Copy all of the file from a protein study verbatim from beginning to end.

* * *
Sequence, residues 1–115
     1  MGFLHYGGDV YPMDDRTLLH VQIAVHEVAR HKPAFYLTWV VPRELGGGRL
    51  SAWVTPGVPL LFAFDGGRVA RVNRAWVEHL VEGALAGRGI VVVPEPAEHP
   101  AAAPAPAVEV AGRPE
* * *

Sequence, residues 1–115
     1  MGFLHYGGDV YPMDDRTLLH VQIAVHEVAR HKPAFYLTWV VPRELGGGRL
    51  SAWVTPGVPL LFAFDGGRVA RVNRAWVEHL VEGALAGRGI VVVPEPAEHP
   101  AAAPAPAVEV AGRPE